Today, by translation from Thursday, the 1st of November, we celebrate the Feast of All Saints.
All my life as an Episcopalian (we didn’t have All Saints Day in the churches where I spent my childhood), I’ve been told that this day is about remembering all the saints who didn’t get a day of their own. Sure, we include Hildegarde and Francis and Richard Hooker and all those other folks with a feast day, but it’s really about those of whom the Book of Sirach says “there is no memory; they have perished as though they had never existed,” although they “also were godly [people], whose righteous deeds have not been forgotten.” All Saints Day (and, thus, this Sunday) is a Christian festival celebrated in honor of all the saints, known and unknown, and frankly more in honor of the unknowns. It acknowledges the powerful spiritual bond between those in heaven (those we call the “Church triumphant”) and those of us still here on earth (we who make up the “Church militant”).
I’ve also been told, as I’m sure you have, that included in this commemoration are all the baptized who have ever lived and died. After all, the Catholic faith teaches that all faithful Christians are saints. St. Paul addressed his correspondence that way: for example, “To the saints who are in Ephesus…” or “To the saints and faithful brothers and sisters in Christ in Colossae…” So we are paying tribute to all departed baptized Christians.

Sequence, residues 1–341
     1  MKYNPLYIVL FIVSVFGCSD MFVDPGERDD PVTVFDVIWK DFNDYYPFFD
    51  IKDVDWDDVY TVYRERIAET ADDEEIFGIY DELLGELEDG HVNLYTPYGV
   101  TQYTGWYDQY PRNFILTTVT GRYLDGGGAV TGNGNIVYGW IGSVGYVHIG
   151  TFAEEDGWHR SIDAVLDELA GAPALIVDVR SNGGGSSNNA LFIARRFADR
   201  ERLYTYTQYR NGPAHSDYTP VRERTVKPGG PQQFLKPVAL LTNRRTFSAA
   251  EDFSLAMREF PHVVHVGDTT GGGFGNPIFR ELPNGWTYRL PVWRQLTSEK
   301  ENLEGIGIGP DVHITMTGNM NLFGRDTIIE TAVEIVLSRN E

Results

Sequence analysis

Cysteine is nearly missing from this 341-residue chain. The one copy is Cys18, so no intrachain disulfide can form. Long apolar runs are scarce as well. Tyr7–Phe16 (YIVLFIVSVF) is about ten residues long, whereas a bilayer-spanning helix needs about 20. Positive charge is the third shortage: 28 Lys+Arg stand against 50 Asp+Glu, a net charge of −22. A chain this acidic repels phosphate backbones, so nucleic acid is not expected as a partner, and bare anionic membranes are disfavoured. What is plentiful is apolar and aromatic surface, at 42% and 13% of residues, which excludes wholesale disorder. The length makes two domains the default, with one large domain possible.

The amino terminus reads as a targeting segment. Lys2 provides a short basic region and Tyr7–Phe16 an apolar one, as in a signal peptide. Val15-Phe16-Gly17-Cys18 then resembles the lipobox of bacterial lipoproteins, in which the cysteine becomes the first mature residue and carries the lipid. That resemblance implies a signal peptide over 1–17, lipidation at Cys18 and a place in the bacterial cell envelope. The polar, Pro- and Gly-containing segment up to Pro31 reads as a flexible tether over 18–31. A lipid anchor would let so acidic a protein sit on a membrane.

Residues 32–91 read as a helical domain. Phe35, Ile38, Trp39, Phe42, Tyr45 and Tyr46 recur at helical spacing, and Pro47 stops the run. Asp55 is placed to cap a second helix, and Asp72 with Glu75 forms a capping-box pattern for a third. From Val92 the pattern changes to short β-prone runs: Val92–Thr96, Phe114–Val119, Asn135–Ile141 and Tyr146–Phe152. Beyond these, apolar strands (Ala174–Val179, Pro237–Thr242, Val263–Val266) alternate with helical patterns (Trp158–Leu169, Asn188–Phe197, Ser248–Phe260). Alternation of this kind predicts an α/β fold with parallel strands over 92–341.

Which is great, but then I am left wondering what November 2 is all about… If All Saints is about all those dead baptized Christians, what makes it different from the feast the next day that we call “All Souls” or the “Feast of All the Faithful Departed”? Why do we even have that day if that’s what All Saints Day is about. There must be something about All Saints that makes it different. According to one source, All Saints is about those dead who are believed to be already in heaven, while “All Souls was created to commemorate those who died baptized but without having confessed their sins, and thus they are believed to reside in purgatory.”